The Constitutional Court must order Parliament to probe its own decisions around recent events at the public broadcaster, the SABC 8 have said in court papers.
In papers filed on Friday, the eight journalists, who were fired and then rehired by the SABC in September following a lengthy High Court battle, want the National Assembly to institute an inquiry into the various issues plaguing the broadcaster, including their firings.
The court papers say the portfolio committee on communications neglected its constitutional duty when it failed to hear the pleas of the journalists to attend a sitting and explain their cases in July.
Rather, it opted to conclude that their issues had been “resolved” following a Labour Court ruling that their dismissals be set aside and a statement from then chief operating officer Hlaudi Motsoeneng at a committee meeting in August.
“We submit that conduct of the portfolio committee in this regard amounts to a patent breach of its constitutional obligations,” the papers read.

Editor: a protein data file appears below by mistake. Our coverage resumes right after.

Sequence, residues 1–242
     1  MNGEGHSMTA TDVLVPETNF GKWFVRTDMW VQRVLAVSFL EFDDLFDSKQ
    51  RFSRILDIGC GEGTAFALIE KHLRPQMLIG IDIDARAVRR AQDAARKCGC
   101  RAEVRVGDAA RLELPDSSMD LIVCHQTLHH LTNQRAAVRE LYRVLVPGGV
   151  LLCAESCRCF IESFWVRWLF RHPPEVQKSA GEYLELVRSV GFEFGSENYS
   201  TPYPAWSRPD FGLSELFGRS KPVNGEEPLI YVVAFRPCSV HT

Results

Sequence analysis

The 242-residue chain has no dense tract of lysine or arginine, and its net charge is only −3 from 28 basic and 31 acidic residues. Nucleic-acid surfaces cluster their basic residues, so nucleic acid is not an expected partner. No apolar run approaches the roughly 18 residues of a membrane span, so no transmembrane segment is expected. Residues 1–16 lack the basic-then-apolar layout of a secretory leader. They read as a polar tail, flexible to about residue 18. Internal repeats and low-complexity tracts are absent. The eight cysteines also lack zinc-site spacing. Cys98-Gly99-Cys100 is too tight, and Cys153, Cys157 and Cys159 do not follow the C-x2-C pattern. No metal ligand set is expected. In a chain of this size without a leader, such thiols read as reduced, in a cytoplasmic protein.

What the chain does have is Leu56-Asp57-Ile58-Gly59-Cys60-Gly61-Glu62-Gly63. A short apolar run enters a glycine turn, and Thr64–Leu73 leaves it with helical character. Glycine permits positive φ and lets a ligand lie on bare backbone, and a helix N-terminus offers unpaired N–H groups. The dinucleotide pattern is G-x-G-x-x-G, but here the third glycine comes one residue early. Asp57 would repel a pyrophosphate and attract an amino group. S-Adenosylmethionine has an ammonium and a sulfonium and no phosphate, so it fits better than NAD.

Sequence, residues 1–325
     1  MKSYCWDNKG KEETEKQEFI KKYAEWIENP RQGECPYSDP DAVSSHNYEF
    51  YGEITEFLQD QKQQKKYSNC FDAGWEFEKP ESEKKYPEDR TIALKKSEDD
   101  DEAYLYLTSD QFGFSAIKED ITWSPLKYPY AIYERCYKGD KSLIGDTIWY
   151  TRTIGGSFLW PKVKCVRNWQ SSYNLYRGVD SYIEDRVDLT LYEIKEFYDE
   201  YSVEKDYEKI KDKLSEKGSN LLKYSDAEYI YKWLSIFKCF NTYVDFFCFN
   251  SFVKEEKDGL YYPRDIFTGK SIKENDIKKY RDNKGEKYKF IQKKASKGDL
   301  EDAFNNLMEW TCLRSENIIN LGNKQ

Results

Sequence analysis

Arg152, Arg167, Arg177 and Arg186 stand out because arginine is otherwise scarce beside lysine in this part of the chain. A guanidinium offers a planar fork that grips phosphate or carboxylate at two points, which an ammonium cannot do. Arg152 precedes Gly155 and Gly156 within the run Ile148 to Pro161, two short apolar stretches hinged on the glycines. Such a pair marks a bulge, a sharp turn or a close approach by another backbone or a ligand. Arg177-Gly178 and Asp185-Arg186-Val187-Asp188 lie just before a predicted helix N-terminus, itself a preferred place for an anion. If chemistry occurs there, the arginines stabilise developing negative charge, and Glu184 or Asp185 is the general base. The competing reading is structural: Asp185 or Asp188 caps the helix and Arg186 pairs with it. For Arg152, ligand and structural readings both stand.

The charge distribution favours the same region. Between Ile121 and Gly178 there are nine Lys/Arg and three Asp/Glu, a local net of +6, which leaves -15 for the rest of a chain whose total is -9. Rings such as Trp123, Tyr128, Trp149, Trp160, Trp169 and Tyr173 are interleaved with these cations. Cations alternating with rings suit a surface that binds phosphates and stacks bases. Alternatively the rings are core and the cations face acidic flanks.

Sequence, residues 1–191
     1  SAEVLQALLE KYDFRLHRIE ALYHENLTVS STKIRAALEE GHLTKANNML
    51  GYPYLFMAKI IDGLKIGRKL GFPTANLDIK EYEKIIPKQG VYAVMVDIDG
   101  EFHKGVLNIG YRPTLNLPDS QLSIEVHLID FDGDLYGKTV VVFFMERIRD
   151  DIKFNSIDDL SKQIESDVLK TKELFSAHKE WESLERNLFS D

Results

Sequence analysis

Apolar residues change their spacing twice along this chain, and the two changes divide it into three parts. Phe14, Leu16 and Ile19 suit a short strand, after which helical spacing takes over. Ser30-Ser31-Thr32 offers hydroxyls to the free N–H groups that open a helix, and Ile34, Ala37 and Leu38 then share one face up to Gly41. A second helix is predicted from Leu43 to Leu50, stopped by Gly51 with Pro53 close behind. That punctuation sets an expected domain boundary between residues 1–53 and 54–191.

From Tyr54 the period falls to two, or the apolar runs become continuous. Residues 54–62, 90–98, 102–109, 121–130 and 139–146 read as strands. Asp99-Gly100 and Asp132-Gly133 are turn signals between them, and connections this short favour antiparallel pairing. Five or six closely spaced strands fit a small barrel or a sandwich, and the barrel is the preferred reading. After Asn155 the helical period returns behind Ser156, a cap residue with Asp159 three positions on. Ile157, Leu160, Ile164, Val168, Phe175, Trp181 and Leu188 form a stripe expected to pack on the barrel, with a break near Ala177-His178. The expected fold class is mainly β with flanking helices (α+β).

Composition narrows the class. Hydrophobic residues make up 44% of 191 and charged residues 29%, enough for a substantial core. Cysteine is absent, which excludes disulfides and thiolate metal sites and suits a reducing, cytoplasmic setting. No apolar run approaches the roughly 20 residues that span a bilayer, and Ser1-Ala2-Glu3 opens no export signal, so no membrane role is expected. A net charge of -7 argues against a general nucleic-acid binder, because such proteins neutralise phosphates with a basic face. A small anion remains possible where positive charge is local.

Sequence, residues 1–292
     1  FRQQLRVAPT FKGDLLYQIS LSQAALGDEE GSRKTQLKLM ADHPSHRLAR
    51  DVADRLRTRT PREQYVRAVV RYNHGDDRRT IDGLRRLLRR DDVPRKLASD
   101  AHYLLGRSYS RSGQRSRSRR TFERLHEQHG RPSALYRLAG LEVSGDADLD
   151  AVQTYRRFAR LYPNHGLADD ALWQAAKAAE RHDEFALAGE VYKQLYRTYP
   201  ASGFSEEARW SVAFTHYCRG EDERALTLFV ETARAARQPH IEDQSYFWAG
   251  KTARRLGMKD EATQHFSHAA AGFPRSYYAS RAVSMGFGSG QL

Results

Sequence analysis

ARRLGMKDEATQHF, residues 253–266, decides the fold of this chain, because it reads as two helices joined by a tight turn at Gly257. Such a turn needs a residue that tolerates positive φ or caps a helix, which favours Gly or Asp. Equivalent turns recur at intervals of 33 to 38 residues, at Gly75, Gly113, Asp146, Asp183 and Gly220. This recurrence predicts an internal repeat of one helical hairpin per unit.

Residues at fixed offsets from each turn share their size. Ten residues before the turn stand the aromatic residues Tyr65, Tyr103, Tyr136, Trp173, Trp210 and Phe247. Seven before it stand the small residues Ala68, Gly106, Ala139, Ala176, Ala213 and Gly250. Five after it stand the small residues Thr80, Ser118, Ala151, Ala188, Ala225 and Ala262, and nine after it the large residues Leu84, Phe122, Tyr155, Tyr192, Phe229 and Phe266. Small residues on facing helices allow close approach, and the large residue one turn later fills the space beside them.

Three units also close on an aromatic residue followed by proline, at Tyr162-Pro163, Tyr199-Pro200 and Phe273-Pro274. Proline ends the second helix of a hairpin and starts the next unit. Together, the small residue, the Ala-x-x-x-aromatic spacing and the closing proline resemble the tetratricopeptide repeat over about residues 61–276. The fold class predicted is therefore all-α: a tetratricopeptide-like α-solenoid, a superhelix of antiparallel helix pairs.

“Far from exercising oversight over the SABC and ensuring that the SABC was accountable to it, it proceeded to wash its hands of the issue.”
Waiting for responses
Speaker of Parliament Baleka Mbete and the Independent Communications Authority of South Africa (Icasa) were also listed as respondents in the papers.
Only the SABC and Mbete had responded, the papers said. Both opposed the application.
They were still waiting for a response from Icasa and portfolio committee chairperson Humphrey Maxegwana.
The SABC came in for criticism in July when it fired Foeta Krige, Suna Venter, Krivani Pillay, Thandeka Gqubule, Busisiwe Ntuli, Lukhanyo Calata, Vuyo Mvoko and Jacques Steenkamp for speaking out against the broadcaster’s policy to not show footage of violent protests.
Seven were reinstated when the Labour Court set aside the dismissal on July 26. Mvoko, who was employed as a freelancer, lost his case against the SABC.
Steenkamp has since resigned from the SABC and will take up a new post in New Zealand in November.
Motsoeneng meanwhile was removed as COO in September following a Supreme Court of Appeal ruling that his appointment to that position be set aside, but was reappointed to general executive for corporate affairs this month.